STATUS: Shelf-worthy.

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Movie Review – The Way Back (2020)

Booze and hoops.  Booze and hopes.

BQB here with a review of the Ben Affleck drama, “The Way Back.”

 

It’s a story we’ve seen again and again in a film.  A curmudgeonly coach takes on a new team.  He’s doubtful at first but as he gets to know the kids, he learns they are winners and just need someone to guide them.  He provides that guidance and in doing so, finds his own redemption.

That essences is here, and yet…not.  This isn’t the Bad News Bears.  There’s no humor and there’s no schmaltz.  Alcoholism has gripped Affleck’s Jack Cunningham in its icy hand and it is not letting go without a knock down, drag out fight.  From the booze he hides in his office to the cases upon cases that fill his fridge, Jack is a rummy through and through.  We see how this disease weighs him down, tearing his life apart, destroying his relationship with his family and making it nearly impossible for him to find any real meaning.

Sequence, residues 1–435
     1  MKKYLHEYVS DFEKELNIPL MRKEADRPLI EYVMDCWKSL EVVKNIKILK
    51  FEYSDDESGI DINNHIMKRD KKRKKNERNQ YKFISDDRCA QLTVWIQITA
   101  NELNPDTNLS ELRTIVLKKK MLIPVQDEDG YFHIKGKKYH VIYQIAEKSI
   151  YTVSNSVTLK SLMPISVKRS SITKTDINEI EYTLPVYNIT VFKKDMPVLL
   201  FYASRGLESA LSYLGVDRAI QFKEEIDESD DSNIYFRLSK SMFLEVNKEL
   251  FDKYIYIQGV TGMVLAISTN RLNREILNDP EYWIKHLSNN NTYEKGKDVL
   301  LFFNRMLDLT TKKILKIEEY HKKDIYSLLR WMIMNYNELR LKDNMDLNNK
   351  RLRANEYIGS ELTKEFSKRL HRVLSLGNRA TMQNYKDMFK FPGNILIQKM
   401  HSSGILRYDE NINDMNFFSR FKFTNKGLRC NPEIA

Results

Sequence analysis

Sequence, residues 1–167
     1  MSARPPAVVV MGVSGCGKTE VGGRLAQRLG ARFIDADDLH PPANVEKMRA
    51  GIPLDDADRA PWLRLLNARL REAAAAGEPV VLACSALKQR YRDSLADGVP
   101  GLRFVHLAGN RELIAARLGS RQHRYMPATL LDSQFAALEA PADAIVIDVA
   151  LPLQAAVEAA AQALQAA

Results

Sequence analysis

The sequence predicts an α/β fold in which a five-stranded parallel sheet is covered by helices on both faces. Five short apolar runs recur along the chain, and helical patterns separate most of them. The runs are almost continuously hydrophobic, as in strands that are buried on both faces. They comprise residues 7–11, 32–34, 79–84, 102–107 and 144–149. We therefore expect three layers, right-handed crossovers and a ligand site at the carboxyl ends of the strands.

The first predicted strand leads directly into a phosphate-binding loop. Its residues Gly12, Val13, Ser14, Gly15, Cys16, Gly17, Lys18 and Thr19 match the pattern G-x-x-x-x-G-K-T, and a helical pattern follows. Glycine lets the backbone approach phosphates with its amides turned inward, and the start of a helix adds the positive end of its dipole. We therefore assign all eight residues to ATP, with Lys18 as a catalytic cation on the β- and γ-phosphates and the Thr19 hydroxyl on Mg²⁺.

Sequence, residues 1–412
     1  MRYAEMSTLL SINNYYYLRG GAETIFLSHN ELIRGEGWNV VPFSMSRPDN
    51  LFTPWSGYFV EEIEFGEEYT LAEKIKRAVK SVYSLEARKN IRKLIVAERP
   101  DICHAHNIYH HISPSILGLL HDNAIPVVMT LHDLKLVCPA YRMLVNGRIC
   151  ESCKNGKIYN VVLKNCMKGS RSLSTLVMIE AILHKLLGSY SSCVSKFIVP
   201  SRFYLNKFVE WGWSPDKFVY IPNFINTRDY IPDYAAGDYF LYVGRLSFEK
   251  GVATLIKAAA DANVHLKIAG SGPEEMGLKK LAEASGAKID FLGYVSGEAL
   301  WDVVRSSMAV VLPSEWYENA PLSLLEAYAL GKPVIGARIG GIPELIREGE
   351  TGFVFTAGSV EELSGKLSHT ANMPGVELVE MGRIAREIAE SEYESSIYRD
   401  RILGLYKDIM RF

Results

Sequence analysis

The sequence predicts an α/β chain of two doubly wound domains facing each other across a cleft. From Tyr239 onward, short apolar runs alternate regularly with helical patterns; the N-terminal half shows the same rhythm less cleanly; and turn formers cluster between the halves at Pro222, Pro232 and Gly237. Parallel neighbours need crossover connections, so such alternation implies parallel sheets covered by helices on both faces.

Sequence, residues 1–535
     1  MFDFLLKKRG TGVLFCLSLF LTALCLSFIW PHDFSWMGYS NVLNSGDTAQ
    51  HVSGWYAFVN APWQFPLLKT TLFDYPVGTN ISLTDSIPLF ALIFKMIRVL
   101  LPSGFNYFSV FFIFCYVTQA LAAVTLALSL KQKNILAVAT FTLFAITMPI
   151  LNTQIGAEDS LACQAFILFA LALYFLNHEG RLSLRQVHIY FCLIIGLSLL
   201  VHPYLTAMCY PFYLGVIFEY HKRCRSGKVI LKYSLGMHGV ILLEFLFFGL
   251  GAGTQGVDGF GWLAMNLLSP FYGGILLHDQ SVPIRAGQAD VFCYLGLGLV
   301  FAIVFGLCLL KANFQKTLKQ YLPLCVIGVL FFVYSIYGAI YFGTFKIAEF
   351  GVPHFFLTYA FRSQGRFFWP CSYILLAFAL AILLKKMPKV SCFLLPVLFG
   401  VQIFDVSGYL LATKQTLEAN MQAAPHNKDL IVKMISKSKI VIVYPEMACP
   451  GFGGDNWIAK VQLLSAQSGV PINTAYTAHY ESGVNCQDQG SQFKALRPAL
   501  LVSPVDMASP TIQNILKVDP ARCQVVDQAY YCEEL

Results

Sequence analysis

There’s no overnight miracle here.  Coaching the kids helps and Jack finds he isn’t as useless on the court as he is in most areas of life.  But there’s no happy, feel good moment where Jack pours out the hooch, quits cold turkey and becomes the greatest coach of all time.  As any recovering addict will tell you, fighting that monkey on your back is a daily grind, and this film shows that grind in all its gross glory.

This film might have also been about Affleck exercising his own demons.  Affleck has spoken publicly about his own battle with alcohol.  Jack has to come to grips with his divorce and estrangement from his wife, and Affleck has said publicly that he regrets his divorce Jennifer Garner.  In fact, coping with regret is a big part of the film – accepting what we cannot change, learning how to improve upon our mistakes where we can, learning how to not tear ourselves apart over the proverbial spilt milk where we can’t.